South Kalimantan is one of four provinces on the island of Kalimantan. It is known as the Province of a Thousand Rivers. One of these is Batlo River, the longest and largest river in Indonesia. The grounds are fertile and their vast expanses of trees make South Kalimantan one of Indonesia’s biggest wood suppliers.
The provincial capital of Banjarmasin is the heart of South Kalimantan’s tourism and trade. It is also known as River City because of the many rivers that snake around and through it. Floating markets and houses made of wood and bamboo are commonly seen on the river.
Nearby Banjarmasin is Kembang Island, a 60 hectare conservation forest filled with monkeys indigenous to Kalimantan. Chinese Indonesians usually come here to make a small offering to the temple and to feed the monkeys whom they feel, will give them good luck and fortune.
Cempaka village is a site known for diamond digging, work done as a group made up usually of one family and its close relatives. Nearby is Martapura village, the centre of precious stone and diamond polishing and marketing. The plaza here is full of stores and stalls selling jewellery.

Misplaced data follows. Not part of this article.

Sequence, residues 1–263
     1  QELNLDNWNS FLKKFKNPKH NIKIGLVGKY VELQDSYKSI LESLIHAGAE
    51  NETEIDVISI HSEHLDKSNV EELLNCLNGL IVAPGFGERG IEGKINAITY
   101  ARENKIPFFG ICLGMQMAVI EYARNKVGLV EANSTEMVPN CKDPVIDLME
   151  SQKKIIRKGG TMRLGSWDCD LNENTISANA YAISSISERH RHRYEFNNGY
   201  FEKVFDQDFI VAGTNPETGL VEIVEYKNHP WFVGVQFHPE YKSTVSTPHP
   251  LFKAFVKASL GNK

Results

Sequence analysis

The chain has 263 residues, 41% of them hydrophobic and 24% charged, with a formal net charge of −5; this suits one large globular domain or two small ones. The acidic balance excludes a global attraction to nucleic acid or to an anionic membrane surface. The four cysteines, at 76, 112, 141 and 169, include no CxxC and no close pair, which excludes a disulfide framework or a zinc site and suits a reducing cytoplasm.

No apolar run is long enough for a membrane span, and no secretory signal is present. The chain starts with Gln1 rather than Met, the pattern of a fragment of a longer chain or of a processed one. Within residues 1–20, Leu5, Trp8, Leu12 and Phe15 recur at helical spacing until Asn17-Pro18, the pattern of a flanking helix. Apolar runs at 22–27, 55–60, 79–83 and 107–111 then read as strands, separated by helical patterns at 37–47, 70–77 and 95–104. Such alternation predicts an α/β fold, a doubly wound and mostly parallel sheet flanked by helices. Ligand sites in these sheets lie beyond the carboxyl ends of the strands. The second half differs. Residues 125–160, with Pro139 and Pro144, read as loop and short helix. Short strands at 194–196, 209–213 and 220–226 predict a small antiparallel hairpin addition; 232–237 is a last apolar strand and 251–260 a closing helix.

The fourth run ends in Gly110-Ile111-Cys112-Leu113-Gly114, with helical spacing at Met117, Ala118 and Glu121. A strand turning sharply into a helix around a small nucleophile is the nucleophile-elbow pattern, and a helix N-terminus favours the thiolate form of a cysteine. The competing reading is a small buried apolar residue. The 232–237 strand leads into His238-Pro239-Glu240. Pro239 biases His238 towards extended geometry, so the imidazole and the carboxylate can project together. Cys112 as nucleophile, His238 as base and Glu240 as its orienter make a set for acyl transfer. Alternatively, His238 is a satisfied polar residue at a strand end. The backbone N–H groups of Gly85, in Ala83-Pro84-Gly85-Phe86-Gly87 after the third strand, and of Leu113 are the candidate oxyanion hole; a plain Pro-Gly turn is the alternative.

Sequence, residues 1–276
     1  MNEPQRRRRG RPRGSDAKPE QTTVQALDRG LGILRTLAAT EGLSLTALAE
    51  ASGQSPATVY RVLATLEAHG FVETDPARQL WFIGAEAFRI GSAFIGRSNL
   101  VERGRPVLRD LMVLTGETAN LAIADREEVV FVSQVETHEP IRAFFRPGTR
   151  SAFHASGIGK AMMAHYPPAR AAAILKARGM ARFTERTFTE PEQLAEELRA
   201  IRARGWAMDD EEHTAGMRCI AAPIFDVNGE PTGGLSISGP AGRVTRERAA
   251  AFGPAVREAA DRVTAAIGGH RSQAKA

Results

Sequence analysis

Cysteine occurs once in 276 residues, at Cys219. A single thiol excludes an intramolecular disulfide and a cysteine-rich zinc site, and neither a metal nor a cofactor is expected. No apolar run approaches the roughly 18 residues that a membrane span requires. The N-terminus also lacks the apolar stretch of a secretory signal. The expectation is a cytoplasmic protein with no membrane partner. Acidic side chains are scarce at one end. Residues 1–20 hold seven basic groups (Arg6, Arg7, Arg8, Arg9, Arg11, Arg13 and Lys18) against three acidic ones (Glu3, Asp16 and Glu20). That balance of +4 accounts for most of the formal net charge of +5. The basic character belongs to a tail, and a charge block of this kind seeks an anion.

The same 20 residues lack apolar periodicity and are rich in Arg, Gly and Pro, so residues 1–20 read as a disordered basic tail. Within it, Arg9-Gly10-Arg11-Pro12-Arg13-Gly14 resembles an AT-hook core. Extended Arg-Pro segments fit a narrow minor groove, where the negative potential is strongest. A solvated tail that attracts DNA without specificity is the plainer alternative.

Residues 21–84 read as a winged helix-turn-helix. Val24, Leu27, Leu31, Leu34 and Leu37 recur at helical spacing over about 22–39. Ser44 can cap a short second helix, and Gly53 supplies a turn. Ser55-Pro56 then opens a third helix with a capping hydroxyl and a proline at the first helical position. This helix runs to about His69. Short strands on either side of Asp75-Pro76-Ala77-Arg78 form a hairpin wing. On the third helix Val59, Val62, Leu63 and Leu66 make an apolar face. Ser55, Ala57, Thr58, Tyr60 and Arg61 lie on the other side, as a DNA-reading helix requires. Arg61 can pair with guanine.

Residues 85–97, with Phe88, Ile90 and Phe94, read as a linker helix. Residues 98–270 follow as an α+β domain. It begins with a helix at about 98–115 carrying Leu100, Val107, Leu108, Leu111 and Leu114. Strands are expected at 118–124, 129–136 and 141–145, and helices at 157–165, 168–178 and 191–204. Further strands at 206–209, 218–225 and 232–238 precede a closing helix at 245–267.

Banjarmasin is South Kalimantan’s provincial capital and the largest city in Kalimantan. The city is built around and along four rivers—Andai, Barito, Kuin, and Martapura—with several canals, which makes one think of Venice. Most houses in the city are built on stilts on the sides of the rivers, where people bathe, swim, wash their laundry, and catch fish.
Banjarmasin is a trade and tourism centre. There are many hotels, cultural centres, theatres, and restaurants serving local and international cuisines. But the best sight here is the large and lively floating market, Pasar Terapung, located at Banjarmasin’s west borders on the Barito River. The market has everything, from rice stalls to fresh produce stands, supermarkets to boutique shops, pharmacies to gas stations. The most charming here are the tea shops, which sells a variety of sweets and delicacies.
The city also thrives in the construction and boat-building industry, with shipyards operating on the riversides.
For a taste of history, Banjarmasin has the Grand Mosque, Sabila Muhtadin Mosque built in 1980, at the waterfront.
Banjarmasin is not a wealthy urban centre, and it experiences drinking water shortage and has cholera outbreaks.